Allocating cemeteries for the burial of Baha’i Egyptians: the administrative judiciary refuses in Port Said, and the Supreme Administrative Court supports the refusal in Alexandria
The Egyptian Initiative for Personal Rights condemns the two rulings issued on December 20, 2022 refusing to oblige the state to allocate cemeteries for the “fourth category” of citizens, which contains those who do not belong to the three officially recognized religions, and whose IDs carry a dash sign (-) in the field for religion in the governorates of Port Said and Alexandria. EIPR considers this an endorsement to ignoring the most basic rights, which is the right to allocate cemeteries for all diversity of society.
The Port Said Administrative Court ruling in Case No. 398/10 J, refused to oblige the governorate to allocate a piece of land as burial space for the “fourth category” instead of old cemeteries that were specified for the Baha’is, and which the state reclaimed in the seventies in the framework of re-planning some areas.
Also, the Appeals Examination circuit of the Supreme Administrative Court rejected Appeal No. 29171/98 J, which was submitted against the ruling of the Alexandria Administrative Court by refusing to oblige the Governorate of Alexandria to allocate a piece of land as cemeteries for the “fourth category” in place of the old cemeteries that were called cemeteries of free thought or "civilian cemeteries" in the Shatby district. These “civilian cemeteries” were historically used to bury the remains of non-affiliates to the three religions, before it was re-allocated to one of the Coptic associations and used as cemeteries for Christians, and is no longer available for the burial of the deceased of the “fourth category”.
EIPR lawyers, representing citizens of the fourth category – Bahai’is - had filed lawsuits against the Alexandria and Port Said governorates to oblige them to allocate cemeteries in Alexandria and Port Said, after the concerned authorities ignored the citizens’ requests in that regard.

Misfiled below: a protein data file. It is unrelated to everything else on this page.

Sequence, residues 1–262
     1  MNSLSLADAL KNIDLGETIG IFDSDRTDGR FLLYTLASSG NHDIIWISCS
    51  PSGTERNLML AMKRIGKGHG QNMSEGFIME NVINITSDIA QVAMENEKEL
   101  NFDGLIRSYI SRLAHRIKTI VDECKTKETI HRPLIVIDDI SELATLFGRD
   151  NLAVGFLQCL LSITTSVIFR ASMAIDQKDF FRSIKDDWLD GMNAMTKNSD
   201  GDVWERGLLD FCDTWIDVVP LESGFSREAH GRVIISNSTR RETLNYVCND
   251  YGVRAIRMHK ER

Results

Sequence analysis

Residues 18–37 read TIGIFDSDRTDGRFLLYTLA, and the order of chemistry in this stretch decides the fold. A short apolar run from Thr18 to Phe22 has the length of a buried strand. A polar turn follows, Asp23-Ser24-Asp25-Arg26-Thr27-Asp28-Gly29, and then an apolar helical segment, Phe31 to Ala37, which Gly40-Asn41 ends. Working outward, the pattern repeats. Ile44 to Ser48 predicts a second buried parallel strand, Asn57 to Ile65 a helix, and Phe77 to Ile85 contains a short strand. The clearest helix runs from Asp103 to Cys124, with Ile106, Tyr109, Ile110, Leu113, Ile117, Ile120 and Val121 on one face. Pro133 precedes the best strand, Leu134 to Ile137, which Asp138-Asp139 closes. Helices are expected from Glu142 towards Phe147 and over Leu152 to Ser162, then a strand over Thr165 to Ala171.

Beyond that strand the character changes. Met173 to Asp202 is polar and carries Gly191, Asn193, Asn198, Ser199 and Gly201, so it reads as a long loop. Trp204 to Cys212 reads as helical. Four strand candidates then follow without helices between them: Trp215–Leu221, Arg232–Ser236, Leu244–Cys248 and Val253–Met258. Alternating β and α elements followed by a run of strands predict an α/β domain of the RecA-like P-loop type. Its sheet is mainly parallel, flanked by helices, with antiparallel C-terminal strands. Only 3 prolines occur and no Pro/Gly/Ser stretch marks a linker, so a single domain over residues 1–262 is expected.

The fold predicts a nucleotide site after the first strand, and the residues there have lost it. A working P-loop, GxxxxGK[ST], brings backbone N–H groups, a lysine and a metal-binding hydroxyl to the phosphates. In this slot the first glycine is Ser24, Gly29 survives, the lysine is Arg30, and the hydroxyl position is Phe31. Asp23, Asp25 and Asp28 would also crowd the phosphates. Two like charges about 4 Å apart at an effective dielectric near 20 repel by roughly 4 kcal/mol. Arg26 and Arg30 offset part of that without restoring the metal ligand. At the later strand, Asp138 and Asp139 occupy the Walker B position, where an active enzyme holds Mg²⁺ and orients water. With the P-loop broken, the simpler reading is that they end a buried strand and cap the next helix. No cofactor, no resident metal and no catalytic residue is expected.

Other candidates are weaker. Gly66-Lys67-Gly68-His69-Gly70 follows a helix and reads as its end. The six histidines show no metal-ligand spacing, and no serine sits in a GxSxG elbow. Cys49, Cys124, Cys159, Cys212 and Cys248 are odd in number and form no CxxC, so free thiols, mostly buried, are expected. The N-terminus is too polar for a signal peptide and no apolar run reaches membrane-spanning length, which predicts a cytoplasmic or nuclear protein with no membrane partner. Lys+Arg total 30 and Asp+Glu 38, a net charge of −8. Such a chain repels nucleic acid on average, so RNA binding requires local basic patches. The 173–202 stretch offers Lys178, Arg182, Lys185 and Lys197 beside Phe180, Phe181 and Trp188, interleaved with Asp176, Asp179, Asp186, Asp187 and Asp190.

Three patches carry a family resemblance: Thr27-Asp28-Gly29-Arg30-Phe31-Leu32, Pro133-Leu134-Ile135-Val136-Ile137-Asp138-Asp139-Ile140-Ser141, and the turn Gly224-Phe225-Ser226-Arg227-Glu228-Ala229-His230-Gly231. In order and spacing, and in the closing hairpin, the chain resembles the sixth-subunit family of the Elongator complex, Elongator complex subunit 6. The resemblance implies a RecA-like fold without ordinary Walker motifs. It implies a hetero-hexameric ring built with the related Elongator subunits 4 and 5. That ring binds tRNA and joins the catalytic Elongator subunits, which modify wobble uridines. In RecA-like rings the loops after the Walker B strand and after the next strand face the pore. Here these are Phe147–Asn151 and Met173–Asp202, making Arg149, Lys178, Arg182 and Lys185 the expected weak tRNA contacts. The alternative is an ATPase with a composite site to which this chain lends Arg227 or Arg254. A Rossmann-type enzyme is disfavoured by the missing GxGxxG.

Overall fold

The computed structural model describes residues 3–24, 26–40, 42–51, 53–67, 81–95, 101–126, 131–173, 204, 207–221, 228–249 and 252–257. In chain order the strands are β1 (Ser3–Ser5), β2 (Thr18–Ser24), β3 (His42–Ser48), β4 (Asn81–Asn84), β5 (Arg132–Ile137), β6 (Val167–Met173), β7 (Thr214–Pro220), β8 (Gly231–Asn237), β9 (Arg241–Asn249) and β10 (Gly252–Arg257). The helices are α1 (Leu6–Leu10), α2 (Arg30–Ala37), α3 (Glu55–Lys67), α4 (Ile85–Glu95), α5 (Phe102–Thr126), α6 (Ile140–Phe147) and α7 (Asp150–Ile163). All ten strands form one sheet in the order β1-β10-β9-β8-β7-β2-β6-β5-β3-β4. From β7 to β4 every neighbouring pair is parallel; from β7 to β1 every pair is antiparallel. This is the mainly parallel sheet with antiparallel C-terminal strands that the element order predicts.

Reports by the State Council commissioners in the two cases were based on several repeated arguments about the state's non-recognition of the Baha'i faith, the dissolution of Baha'i assemblies in the 1960s, their demands being in violation of public order, and that the state is obligated to allocate cemeteries for the followers of the three recognized religions only.
Memoranda by EIPR lawyers responded that the reports ignore the ruling of the administrative judiciary by adding (-) in the religion field in the official papers of followers of other than the three religions, which makes them a fourth category of religious diversity. And since cemeteries are allocated to each religious group, the state is obligated to allocate cemeteries for the fourth category, regardless of the recognition or non-recognition of other religions, because the right to burial is a fundamental right that cannot be suspended, in addition to the fact that squandering the basic rights of this group under the pretext of non-recognition is religious discrimination and a violation of the constitution, the law, and the principle of equality between citizens.
The EIPR lawyers also submitted documents proving that the state had allocated cemeteries in the royal and republican eras to followers of unrecognized religions, some of whose remains still exist. There is also a single cemetery dedicated to burying the dead of the Baha’is in Cairo, which was allocated in the thirties of the last century, but its spaces are about to run out, in addition to the hardship of traveling long distances to bury bodies of the dead from all parts of the Republic.
EIPR calls on state agencies to review their decisions regarding graves of the fourth category and work to guarantee the basic rights of all categories of religious div0ersity, within the framework of a more comprehensive review of all forms of religious discrimination and violation of religious rights and freedoms.
For more on the background of those cases see:
Identity Papers, Marriage, and Burials: The Missing Basic Rights of People of Unrecognized Religions in Egypt
Ignoring the Dead: Where Have the Graveyards of People of Free Faith and Unrecognized Religions Gone?
Exclusively forAadherents to "Divinely Revealed Religions"? - How did the preparatory work for Egyptian constitutions discuss issues of freedom of religion and belief?